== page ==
I did not stop for barbecue on the way back from the beach at Pine Knoll Shores.
I guess I should explain. There was a hiccup in my departure — we lost one of the keys and one parking pass for our rental — a problem I resolved easily enough by reconciling myself to the loss of $75. That left me a good half hour in the wrong direction from the Publix in Emerald Isle where I could buy some Conecuh Sausage, the best smoked sausage in the world. It even has a fan club. You can’t buy Conecuh Sausage anywhere near the Washington area except at military PXs, and my military source (see here) is now at Fort Benning. A detour of an hour or much more is a price I am always happy to pay.
The stop for sausage reminded me that I had heard for years about the sausage at Smith’s Red and White in Dortches. Ever eager to get to Parker’s and Wilber’s for consecutive lunches, I’d never stopped there. I decided that it was time.
I walked in, headed back to the meat counter, and stars danced in my eyes.
That is air-dried country sausage. I bought a little over a yard of it and hopped back in the car. I normally would have back-tracked to the Oak Level Cafe, but I thought of the effect of all the food I’d eaten on the three-day trip down and while judging the 2020 World’s Best Shrimpburger Competition — the number of hushpuppies alone is terrible to contemplate — and decided to ease up on eating for a while.
A while turned into a good while, as traffic was slowed by the weekly Saturday I-95 Demolition Derby, and I made do with those 2/$1 packs of peanuts I always buy in gas stations when I make stops that don’t actually involve purchasing gasoline, and a fountain Coke. I’ve had worse lunches, and home and family beckoned.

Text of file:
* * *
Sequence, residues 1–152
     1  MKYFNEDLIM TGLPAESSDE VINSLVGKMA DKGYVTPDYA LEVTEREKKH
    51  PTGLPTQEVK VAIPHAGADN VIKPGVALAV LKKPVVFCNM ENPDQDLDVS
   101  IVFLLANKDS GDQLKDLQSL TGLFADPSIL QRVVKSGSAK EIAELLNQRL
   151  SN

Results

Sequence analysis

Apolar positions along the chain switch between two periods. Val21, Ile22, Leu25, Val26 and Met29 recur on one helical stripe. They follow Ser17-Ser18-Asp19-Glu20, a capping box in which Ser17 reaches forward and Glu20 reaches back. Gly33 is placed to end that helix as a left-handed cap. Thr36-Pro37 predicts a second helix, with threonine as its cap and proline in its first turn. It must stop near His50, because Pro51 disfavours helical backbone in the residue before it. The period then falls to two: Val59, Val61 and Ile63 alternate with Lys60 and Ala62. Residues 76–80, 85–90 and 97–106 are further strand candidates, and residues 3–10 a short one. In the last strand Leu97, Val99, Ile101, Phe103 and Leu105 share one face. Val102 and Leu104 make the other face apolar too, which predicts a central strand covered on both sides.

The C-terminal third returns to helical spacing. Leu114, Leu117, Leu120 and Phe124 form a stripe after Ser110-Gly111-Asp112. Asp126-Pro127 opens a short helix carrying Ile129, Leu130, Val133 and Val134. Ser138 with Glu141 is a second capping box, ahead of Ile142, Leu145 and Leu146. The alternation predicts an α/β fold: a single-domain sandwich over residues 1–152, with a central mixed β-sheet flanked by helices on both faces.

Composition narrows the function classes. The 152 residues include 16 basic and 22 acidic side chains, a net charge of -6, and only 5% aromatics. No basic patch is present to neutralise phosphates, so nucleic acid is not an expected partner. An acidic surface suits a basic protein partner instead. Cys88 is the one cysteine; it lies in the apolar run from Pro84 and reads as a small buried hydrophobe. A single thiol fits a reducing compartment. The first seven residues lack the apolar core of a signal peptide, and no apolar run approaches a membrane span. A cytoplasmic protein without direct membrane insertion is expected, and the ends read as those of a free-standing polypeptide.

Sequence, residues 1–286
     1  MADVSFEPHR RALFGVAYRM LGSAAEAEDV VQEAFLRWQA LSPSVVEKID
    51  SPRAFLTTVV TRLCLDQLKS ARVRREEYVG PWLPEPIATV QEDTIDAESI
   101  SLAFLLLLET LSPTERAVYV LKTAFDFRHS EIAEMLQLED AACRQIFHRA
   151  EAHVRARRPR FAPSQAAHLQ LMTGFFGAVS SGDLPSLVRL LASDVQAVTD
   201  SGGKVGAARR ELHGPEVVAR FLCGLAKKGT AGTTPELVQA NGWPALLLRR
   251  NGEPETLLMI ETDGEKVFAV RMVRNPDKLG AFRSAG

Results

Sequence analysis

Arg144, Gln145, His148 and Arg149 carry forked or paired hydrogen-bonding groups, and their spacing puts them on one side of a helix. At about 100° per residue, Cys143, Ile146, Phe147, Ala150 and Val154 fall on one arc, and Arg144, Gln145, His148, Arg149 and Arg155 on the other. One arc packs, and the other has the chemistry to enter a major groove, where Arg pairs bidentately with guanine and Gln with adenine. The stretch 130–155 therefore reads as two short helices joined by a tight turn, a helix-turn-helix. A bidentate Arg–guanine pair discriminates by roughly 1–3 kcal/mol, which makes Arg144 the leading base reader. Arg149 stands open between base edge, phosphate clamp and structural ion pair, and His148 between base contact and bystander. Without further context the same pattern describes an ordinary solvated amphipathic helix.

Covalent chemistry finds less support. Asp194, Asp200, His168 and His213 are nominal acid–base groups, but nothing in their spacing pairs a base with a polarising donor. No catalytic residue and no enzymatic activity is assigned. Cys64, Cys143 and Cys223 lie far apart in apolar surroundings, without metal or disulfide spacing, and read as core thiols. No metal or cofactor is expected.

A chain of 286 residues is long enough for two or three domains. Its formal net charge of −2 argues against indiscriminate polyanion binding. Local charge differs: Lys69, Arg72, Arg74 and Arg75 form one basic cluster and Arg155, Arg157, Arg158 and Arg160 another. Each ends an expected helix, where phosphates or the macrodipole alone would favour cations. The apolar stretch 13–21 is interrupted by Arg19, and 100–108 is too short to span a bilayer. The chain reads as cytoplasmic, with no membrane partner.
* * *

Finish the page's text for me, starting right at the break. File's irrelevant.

The next day I cooked a chicken on the grill and threw on a foot or two of the sausage. It was a revelation. As I say it was country sausage, breakfast-type sausage, but the most complex, most … I hate to say sophisticated — sausage you can imagine. The air drying process adds what aging adds to prime steaks, but moreso. My son-in-law, Michael, an excellent judge of sausage, was blown away by it. The air drying doesn’t make Smith’s sausage tough like those dried sausages you have to gnaw to eat. It has a pretty standard texture, but the flavor … is sure proof of a benevolent Providence.
Smith’s air-dried sausage understandably is a phenomenon. I read that during the holidays — from Thanksgiving to New Year’s — this middle-of-nowhere grocery sells 35,000 pounds of air dried sausage each and every week. Smith’s started as a hog farm and gradually grew from a meat counter to a 20,000-square-foot grocery, and a really nice one at that. Smith’s current meat counter covers the whole back of the store, and reportedly contains 23 different cuts of pork. When it comes to meat, Smith’s is Wegman’s on crack.
I think about all the times I drove by the Dortches exit without stopping and I want to cry. Why didn’t I listen?
I’m sure Nancy won’t agree to move to Dortches, and I wouldn’t leave Liza and Michael and Ella and Lily for the world, not even for the sausage and 23 cuts of pork. But I will contrive to drive down to Dortches for more sausage.
Next time you drive through North Carolina on I-95, leave room in the car for a few pounds of sausage, and do the same on the way home. I will.
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